Many look at what Judy is doing, as attempting the impossible (even her parents request that she do something ‘safer’), but she is willing to prove herself, and doesn’t back down from a challenge when it’s thrown in her face.
This is a bunny that I could definitely see resonating with viewers, much in the same way that Elsa and Vanellope von Schweetz did. Ginnifer Goodwin brings such a great voice to the character, playing someone who is sweet at times, but definitely believes in the seriousness of some situations, and wants to get the job done.
Running almost counterpoint to Judy, is Nick Wilde, a smarmy-looking fox in a hawaiian shirt.
Jason Bateman’s voice just seems to fit perfectly with this character, who sounds like he could talk his way out of anything. Though the story is largely Judy’s, Nick does end up getting in some nice moments…and one that might sting a bit.
The film also boasts a decent-sized ring of supporting characters here as well. Idris Elba voices one of the more memorable, playing the gruff Waterbuffalo Chief Bogo, of the ZPD. JK Simmons lends a pompous regality to Mayor Lionheart, and Jenny Slate provides a nice beat as Bellwether, his small lamb assistant.
And don’t worry fans of the lovable sloth named Flash…he’s here too…and even though many of you have seen him in the film’s previews, his scene here elicited one of the biggest laughs from the audience.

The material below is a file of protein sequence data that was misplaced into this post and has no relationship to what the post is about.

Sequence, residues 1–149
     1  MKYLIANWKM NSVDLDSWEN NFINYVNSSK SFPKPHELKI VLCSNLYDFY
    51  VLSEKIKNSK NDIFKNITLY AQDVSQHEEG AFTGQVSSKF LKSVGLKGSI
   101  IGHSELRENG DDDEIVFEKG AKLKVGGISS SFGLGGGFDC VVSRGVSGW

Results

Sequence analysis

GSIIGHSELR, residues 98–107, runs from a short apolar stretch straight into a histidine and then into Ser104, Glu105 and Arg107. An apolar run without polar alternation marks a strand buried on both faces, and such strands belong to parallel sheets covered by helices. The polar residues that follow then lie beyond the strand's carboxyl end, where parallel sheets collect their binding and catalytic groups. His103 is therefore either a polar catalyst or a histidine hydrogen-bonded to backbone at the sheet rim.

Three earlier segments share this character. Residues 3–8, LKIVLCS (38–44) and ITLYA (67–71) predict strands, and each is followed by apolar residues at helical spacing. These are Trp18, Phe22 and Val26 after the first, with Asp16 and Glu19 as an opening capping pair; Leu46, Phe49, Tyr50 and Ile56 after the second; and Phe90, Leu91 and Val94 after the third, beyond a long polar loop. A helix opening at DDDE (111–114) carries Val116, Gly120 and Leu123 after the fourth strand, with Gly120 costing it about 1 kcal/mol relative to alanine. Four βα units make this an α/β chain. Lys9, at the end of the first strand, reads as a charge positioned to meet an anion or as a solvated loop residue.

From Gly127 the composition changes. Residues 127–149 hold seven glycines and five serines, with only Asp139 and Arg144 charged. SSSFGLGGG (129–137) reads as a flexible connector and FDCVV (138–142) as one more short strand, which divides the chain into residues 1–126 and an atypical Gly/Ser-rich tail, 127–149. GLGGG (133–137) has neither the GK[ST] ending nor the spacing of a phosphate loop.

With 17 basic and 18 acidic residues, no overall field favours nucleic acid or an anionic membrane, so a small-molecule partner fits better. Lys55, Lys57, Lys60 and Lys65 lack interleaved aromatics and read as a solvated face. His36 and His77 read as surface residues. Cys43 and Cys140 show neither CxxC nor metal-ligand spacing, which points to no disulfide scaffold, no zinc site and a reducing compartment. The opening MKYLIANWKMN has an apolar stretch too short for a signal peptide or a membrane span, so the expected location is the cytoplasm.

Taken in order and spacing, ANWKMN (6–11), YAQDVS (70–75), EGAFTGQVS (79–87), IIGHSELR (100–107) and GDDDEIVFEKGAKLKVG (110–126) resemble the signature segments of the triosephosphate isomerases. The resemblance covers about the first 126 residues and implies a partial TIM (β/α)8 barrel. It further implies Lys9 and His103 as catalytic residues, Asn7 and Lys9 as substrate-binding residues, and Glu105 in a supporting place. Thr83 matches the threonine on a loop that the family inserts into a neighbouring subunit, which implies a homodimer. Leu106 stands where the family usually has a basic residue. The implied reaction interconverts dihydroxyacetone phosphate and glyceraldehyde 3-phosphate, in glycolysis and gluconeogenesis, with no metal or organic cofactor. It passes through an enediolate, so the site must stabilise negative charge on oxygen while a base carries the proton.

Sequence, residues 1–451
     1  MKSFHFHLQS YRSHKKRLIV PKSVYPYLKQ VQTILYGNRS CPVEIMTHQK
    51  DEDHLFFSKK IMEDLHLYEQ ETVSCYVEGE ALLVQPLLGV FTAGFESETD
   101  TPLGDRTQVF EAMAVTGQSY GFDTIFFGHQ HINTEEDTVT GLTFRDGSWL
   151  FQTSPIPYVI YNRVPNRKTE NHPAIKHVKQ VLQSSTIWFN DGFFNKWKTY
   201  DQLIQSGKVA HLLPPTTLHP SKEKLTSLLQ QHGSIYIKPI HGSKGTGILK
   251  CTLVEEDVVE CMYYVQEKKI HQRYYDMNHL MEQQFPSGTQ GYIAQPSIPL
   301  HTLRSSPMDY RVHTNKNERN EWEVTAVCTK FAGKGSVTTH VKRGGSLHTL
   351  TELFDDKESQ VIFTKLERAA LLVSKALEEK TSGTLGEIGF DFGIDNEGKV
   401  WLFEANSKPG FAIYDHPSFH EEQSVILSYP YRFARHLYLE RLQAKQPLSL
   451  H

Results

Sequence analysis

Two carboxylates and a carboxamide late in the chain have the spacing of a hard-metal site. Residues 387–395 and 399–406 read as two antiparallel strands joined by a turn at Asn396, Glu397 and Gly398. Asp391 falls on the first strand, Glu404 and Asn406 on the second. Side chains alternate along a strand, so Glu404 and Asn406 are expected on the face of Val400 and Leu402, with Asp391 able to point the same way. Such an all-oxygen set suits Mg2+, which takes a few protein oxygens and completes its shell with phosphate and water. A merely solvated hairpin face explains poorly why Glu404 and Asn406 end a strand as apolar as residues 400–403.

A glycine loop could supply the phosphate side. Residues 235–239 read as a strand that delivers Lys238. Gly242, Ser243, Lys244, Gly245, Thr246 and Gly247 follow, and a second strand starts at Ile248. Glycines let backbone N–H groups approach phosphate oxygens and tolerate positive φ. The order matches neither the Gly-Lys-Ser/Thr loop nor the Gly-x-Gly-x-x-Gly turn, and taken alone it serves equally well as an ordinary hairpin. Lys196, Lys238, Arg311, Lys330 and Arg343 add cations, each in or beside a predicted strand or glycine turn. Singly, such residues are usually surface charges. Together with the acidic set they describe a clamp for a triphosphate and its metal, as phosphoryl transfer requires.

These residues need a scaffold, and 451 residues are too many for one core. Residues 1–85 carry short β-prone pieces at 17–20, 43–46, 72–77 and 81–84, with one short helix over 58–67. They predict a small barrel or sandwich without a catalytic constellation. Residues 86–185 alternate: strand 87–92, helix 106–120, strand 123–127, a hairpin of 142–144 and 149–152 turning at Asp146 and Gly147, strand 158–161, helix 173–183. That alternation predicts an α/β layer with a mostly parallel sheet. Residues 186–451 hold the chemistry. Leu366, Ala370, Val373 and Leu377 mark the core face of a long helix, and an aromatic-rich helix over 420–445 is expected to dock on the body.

Oh, and Shakira is in this too (why she’s all over this film, I have no clue!).
Also of note in regards to the film’s animal cast, is that they come in many different shapes and sizes. The world of Zootopia shows a world in which their cultures and climates are sometimes right next to each other…which leads to quite a diverse palette of colors and environments to explore. When I first heard this idea of a multi-sized microcosm in 2013, it made me excited to see how a mouse would share the road with a giant elephant, or even a long-necked giraffe.
One of the things I lamented in regards to 2014’s Big Hero 6, was that there was so little time to properly explore the gleaming cityscape of San Fransokyo. Fortunately within the world of Zootopia, it feels like we really get the chance to become immersed in this environment, and just zip in and around its numerous set pieces in a satisfying way.